In Room to Grow, Ramesh Ponnuru writes,
Confronted by presidential lawlessness, some conservatives are tempted to throw up their hands. They conclude there does not seem to be much conservatives can do about it besides such extreme, and for that reason impractical, measures as impeachment. But…we can make the case that the president must be bound by the laws and that executive dereliction of duty is a threat to national well-being…we could try to reestablish a political norm by raising the cost of violations of it and increasing the odds that future presidents will feel bound by it.
Good luck with that. I just finished reading The Once and Future King: The Rise of Crown Government in America, by F.H. Buckley. The main take-away is that once you have a chief executive chosen by popular election, you are in trouble. The “extreme” measure of the legislature removing the head of state happens much more readily in parliamentary systems, Buckley argues. He says we are just about the only country without a parliamentary system that isn’t pretty far along on the autocracy spectrum.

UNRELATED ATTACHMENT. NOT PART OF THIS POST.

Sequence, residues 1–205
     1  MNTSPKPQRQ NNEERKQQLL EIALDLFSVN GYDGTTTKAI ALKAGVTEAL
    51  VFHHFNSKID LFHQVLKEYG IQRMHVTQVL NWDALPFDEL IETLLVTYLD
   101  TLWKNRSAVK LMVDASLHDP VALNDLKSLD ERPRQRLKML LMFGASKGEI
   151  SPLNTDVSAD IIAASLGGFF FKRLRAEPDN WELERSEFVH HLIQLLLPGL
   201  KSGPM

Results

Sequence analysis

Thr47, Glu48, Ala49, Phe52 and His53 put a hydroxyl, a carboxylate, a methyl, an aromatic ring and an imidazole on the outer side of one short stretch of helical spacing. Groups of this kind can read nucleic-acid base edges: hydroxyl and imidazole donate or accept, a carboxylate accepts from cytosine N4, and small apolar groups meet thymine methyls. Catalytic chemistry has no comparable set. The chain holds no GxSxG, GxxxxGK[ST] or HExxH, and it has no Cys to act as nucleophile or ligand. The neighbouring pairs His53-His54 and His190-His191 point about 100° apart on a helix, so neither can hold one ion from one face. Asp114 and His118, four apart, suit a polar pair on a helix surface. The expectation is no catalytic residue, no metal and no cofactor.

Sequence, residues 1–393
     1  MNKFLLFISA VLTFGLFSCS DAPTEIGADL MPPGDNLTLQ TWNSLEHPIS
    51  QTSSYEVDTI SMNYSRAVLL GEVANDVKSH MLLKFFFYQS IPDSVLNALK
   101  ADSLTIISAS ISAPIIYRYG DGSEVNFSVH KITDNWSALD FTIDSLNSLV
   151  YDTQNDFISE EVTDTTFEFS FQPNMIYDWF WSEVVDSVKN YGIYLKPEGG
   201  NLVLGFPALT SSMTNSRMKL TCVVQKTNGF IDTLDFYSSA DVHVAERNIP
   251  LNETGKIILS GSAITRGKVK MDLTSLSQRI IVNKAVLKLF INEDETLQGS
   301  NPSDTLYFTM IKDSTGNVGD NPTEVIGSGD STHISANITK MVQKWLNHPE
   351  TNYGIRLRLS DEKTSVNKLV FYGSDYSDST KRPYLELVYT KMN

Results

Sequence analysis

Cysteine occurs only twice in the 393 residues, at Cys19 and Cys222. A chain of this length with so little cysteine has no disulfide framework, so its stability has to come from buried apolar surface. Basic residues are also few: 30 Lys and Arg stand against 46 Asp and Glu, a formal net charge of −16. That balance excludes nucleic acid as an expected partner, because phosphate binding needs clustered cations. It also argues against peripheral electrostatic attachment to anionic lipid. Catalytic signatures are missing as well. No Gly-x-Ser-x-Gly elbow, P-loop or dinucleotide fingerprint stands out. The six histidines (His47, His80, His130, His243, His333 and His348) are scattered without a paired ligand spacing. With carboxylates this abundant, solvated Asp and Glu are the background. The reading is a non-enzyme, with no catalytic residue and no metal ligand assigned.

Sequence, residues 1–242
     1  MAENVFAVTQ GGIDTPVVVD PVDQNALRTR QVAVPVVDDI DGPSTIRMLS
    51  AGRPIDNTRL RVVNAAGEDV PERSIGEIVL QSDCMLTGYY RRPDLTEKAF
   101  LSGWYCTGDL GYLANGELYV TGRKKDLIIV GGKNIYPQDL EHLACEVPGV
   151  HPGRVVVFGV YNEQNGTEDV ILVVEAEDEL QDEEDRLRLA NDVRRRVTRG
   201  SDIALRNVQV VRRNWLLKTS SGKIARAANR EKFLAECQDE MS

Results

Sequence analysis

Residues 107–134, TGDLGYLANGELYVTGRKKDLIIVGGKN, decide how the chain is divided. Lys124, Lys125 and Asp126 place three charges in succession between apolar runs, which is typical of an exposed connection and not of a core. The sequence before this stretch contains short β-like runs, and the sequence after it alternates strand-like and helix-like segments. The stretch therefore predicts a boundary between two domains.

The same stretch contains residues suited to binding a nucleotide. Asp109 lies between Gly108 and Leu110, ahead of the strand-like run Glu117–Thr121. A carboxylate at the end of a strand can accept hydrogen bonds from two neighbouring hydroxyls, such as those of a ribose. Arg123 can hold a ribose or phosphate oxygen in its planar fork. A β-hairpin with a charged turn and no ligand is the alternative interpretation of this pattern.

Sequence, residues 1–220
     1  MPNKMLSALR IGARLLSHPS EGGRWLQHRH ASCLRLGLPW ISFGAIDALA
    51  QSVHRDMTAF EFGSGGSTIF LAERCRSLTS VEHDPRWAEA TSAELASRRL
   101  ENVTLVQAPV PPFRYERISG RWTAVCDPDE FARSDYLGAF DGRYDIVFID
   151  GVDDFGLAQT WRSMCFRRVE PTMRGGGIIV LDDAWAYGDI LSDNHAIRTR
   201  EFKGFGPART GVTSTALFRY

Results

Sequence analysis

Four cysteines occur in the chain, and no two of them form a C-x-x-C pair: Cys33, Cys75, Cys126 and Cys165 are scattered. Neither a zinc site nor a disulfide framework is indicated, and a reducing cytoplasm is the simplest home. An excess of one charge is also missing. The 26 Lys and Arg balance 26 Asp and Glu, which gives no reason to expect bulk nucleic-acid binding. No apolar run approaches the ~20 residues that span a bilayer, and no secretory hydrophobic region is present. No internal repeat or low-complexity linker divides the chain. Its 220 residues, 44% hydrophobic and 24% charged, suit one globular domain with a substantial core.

Buckley says that our founders did not want a popularly elected President. They wanted a President chosen by the House of Representatives. But they were afraid to take that idea to the people, so they instead proposed that the selection would go the House in the case of an electoral college deadlock–which they thought would be the norm once George Washington left office. Oops!
Buckley says that the problem with popular election of Prime Ministers, and especially of Presidents, is that they become much more powerful than legislatures. They have national legitimacy, they can present a unified front, and they can dominate the news media. Separation of powers is a pipedream.
Where we’re headed, ultimately, is for the Presidency to become more and more powerful, until we have the equivalent of Hugo Chavez or Vladimir Putin. That’s Buckley’s version of “Have a nice day.”